Saturday, May 28, 2011

Toyota Prius Hybrid car - Experiance from a long term user


When the government reduced import tax for hybrids and people started to buy Prius cars, I started to get so many calls from friends and from friends of friends. For few weeks, it was as if I was a Prius dealer, expert or a mechanic! Well, I'm non of above yet I helped those callers to the best of my ability. It is then it occurred to me that if I put a blog post, it would be useful for some people and easier for me as well! The recent post by සඳරු at හිස් අහස prompted me to put that thought into quick action...

Now, the reason why people asking me about Prius issues are because I'm one of those rare guys in Colombo who was (put your favorite adjective in here. crazy/stupid/brave/lucky whatever) enough to buy an earlier model of a Prius (when at the time they were rather unheard of a model and a technology in here) and so have actual experience of 5-6 years in using them in Sri Lankan conditions. My car is a old 1997 model Prius (as one in the photo above), which is the very first Prius model to come out of factories. Japan started to export Prius only in 2001. The recent models 2008-2010 are far more advanced and superb in features than my old poor car, yet the main principles of the hybrid concept is more or less same so answers can be the same for most of generic hybrid car questions. 

Let me list most frequent questions I got and their answers :

1) How easy is it to find parts in here ?
No big deal. At least for my model, almost all the parts I have replaced so far were compatible with other Toyota models. Namely Corolla 121 or Allion. Parts I have to replace/renew in last 6 years since I bought my car were Shock Absorbers, CV joint, spark plugs, lower arm bush, mounts, break pads etc. They were all compatible, as you know Toyota parts are the easiest to find in Sri Lanka.

2) How expensive were repairs/maintenance ?
It's exactly same as any other Toyota model. I mean servicing the vehicle, renewing parts etc. I didn't encounter needs for repairing the hybrid unit yet, but will come to that later.. So, as for all the other repairs which you encounter 99% of the time of normal vehicle repairing,  It was relatively cheap. Reason was mechanics in Sri Lanka are more familiar with Toyota. As mentione d above parts ere not expensive either (when compared to let's say Honda, Mazda etc)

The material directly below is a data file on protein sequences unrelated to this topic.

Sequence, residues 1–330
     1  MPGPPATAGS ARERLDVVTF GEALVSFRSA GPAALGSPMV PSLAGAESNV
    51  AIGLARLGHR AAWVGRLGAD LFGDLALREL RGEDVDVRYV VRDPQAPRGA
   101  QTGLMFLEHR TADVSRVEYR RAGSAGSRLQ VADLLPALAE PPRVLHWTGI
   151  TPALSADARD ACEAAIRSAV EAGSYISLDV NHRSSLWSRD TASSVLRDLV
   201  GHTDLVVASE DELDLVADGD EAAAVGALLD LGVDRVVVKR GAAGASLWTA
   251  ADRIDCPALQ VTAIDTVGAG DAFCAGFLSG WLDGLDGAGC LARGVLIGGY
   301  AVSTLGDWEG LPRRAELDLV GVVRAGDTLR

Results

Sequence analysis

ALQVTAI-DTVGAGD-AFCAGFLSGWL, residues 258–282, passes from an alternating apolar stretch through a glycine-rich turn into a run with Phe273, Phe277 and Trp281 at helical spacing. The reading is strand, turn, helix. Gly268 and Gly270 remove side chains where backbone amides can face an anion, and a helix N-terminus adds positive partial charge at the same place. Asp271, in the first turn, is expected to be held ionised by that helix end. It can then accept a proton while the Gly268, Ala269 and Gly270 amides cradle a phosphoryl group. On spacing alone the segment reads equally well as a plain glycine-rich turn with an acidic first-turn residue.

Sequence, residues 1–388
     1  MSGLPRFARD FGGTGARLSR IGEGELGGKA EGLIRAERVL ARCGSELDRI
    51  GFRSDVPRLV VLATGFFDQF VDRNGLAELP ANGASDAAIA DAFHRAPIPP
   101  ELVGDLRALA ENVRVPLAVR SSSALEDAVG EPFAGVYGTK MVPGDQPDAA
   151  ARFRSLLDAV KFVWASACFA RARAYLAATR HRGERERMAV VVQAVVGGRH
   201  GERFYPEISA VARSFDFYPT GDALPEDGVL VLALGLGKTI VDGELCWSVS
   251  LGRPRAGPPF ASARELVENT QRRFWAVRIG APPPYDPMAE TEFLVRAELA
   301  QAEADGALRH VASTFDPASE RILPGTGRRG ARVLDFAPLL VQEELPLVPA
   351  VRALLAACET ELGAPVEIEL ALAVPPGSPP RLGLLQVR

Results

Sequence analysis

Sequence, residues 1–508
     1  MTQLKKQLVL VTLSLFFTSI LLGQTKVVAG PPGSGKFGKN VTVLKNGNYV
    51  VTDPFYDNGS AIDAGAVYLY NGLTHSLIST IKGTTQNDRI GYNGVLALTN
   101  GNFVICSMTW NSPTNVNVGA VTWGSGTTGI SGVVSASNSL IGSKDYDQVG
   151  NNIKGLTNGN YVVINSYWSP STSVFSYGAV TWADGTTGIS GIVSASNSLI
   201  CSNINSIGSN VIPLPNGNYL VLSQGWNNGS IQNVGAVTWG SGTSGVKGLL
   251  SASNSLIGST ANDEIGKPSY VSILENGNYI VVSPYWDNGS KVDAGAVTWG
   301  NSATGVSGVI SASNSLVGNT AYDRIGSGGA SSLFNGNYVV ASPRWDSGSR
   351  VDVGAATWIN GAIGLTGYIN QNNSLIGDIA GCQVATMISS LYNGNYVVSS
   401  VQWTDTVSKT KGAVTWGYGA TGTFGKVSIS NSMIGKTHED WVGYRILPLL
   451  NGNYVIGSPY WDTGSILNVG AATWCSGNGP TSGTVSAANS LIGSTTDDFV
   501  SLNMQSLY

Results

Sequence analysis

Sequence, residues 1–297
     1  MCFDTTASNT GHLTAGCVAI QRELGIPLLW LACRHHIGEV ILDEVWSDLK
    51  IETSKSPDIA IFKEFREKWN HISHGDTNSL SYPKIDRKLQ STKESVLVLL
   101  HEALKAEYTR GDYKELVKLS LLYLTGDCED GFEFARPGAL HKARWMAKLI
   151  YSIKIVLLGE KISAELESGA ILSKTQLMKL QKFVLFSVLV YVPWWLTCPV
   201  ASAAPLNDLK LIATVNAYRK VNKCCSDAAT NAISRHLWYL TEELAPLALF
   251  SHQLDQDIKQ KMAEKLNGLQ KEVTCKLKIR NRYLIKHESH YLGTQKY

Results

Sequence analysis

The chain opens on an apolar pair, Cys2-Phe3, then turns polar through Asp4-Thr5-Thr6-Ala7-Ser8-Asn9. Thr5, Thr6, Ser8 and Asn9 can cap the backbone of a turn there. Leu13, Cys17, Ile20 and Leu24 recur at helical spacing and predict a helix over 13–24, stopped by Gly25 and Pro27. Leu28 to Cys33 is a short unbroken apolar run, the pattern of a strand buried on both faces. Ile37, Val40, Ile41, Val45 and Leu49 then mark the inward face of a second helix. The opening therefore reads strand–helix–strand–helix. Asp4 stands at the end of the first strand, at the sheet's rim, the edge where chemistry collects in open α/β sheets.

3) How many kilometers does it do for a liter of petrol
For some reason most people are under the impression that Prius does about 40 kilo meters for a liter of patrol! completely not true!! May be the reason for this myth is in the manuals it says fuel consumption is 40mpg. Note, that means 40 miles per gallon! and gallon means a US gallon. this need to be converted to kilometer and liters. 40 mpg is 24 km/l and that is ideal lab condition expectation. In reality, the car was expected to do somewhere above just 20. While this is still very good and almost double the fuel efficiency of a normal car, it is no where near what some people assume a Prius to be. In the newer models expectation is to near the efficiency level of 50mpg. This would mean about 30 kilometers per liter. Hope an owner of a new Prius car would confirm for us whether this can be observable under normal Sri Lankan conditions.

As for my car, it did about 20 - 22 outstations and about 15 in the city traffic. Averaging about 17-18 per liter at every month. I was very happy  with that. Since people were so afraid to buy this car then (I bought that in 2005), it had a lesser market value, so I did not spend any additional amount to gain that fuel befit. It was a total save! Besides the amount I spend to buy the car was actually even less than then market value of then recent model of Corolla!! So I had reasons to be happy.

Over the years, fuel efficiency dropped a little. After 6 years now it is doing only about 18 outstations and 12 in city traffic. Still not so bad considering the car is now 14 years old and have now done about 120 000 Kilometers.

4) How far can you go in battery without using petrol
This question is entirely wrong. Prius can't go any distance without petrol, petrol needs to be in the tank at all times. This is not an electric vehicle. You can view it as an efficiently built petrol car with some fuel saving features. Some of those features are :
  • High fuel efficient engine
  • Body shape to reduce air resistance.
  • Re generative braking. 
  • Extra power get saved in a battery and will be used later
  • Engine stops when the vehicle is idle in traffic
  • Newer models can provide air conditioning from the batter power.
  • LCD display with fuel consumption statistics.
So it's more correct to view a hybrid car as basically a normal petrol vehicle with few fuel saving features with the aid of a rechargeable battery among other things. I personally give lot of credit to the LCD display for high fuel efficiency as it helps us to find faults in our driving and help improve our driving habits to improve fuel efficiency. For instance, in the first week after buying the Prius I recorded just 10 Kilometers per liter. Once I get used to how to drive a Prius properly (in fact these techniques are true for any car), my fuel consumption reduced almost by 50% !  Basically you need to aggressively accelerate at the start, get into a comfortable speed quickly and then try to maintain that as a constant without pressing hard on the accelerator. This technique is called 'feathering' you give gas just enough to keep the current speed and not more.

Opposite of this is what most drivers do. Accelerate like crazy when ever possible and then brake like crazy. Lot of energy get wasted when we accelerate just to break few seconds later.